UTF-8 Character Set


Computers work in numbers. This is because they work with zeros and ones. They work in zeros and ones (2-states) because they electronics can be either a high charge (meaning one) or a low charge (meaning zero). You can use a series of these bits to represent a number in binary, but what about letters? Character sets are needed. They translate characters to numbers.

To display an HTML page correctly, a web browser must know which character set (character encoding) to use. Here is a website with the list of characters. There is a very good explanation and reference at w3schools.com. The Unicode Consortium develops the Unicode Standard. Their goal is to replace the existing character sets with its standard Unicode Transformation Format (UTF).

Let’s go back in time a few decades. ASCII (American Standard Code for Information Interchange) was the first character encoding standard (also called character set). ASCII defined 127 different alphanumeric characters that could be used on the internet: numbers (0-9), English letters (A-Z), and some special characters like ! $ + – ( ) @ < > . In HTML you can use the ampersand-hash followed by a valid number to display these characters. ASCII is defined in the ISO 464 standard and it uses a byte (8 bits) for each character.

A character in UTF8 can be from 1 to 4 bytes long. UTF-8 can represent any character in the Unicode standard. UTF-8 is backwards compatible with ASCII. UTF-8 is the preferred encoding for e-mail and web pages. The first 128 characters of Unicode (which correspond one-to-one with ASCII) are encoded using a single octet with the same binary value as ASCII, making valid ASCII text valid UTF-8-encoded Unicode as well.

There is a previous post at this website called HTML Character References.

Strings and Character Sets

At SQLServerCentral.com there is a good article on Strings as part of their Stairway to Data series. As they say: “Characters are represented internally in the computer as bits, and there are several different systems for doing this. Almost all schemes use fixed length bit strings and the three most common ones in the computer trade are EBCDIC, ASCII and Unicode.”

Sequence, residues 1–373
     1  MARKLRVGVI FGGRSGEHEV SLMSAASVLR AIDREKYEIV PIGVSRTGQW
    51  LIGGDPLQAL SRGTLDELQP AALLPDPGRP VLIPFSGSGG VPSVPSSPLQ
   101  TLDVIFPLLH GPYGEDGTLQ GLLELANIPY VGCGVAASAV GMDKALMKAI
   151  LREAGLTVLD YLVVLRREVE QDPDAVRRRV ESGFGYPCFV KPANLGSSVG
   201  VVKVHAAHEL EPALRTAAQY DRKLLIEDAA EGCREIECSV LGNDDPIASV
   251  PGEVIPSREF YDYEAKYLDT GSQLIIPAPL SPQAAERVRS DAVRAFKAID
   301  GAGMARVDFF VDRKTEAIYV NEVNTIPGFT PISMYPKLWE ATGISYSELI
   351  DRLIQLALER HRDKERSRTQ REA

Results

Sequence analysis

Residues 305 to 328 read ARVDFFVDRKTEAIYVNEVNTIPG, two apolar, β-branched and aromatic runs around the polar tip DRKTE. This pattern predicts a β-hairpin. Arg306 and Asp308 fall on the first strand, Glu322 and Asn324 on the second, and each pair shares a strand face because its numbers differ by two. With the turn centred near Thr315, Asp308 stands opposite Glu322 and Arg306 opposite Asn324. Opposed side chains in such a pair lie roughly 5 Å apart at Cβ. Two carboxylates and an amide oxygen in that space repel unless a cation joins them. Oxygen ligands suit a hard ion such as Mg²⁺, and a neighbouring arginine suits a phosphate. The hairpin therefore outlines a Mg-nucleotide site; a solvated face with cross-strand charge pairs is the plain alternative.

Extending ASCII causes problems (ambiguity for one). Unicode a 16-bit system. The goal is for Unicode to provides a unique number (bit pattern) for every character, no matter what the platform, no matter what the program, no matter what the language.

Languages use three types of symbolic representations of language: alphabet, syllabary or ideogram

An alphabet is a system of characters in which each symbol has a single sound associated with it. The most common alphabets in use today are Latin, Greek, Arabic and Cyrillic. A syllabary is a system of characters in which each symbol has a single syllable associated with it. The most common syllabaries in use today are Korean and part of Japanese. An ideogram system uses characters in which each symbol is a single word and Chinese is the only such system use today, however, other Asians borrow from the Chinese character set.

A “code point” is the place of a character within an encoding scheme. Thus, in all ISO standard character sets, upper case “A” is encoded as 0x41 in Hexadecimal — 65 in Decimal — so we say that A’s code point is 65. This is an abstraction of the symbol and had nothing to do with font, size or other physical display attributes.

Unicode is a character set. UTF-8 is encoding. Unicode is a list of characters with unique decimal numbers (code points). A = 65, B = 66, C = 67, …. This list of decimal numbers represent the string “hello”: 104 101 108 108 111 Encoding is how these numbers are translated into binary numbers to be stored in a computer: UTF-8 encoding will store “hello” like this (binary): 01101000 01100101 01101100 01101100 01101111. Encoding translates numbers into binary. Character sets translates characters to numbers.

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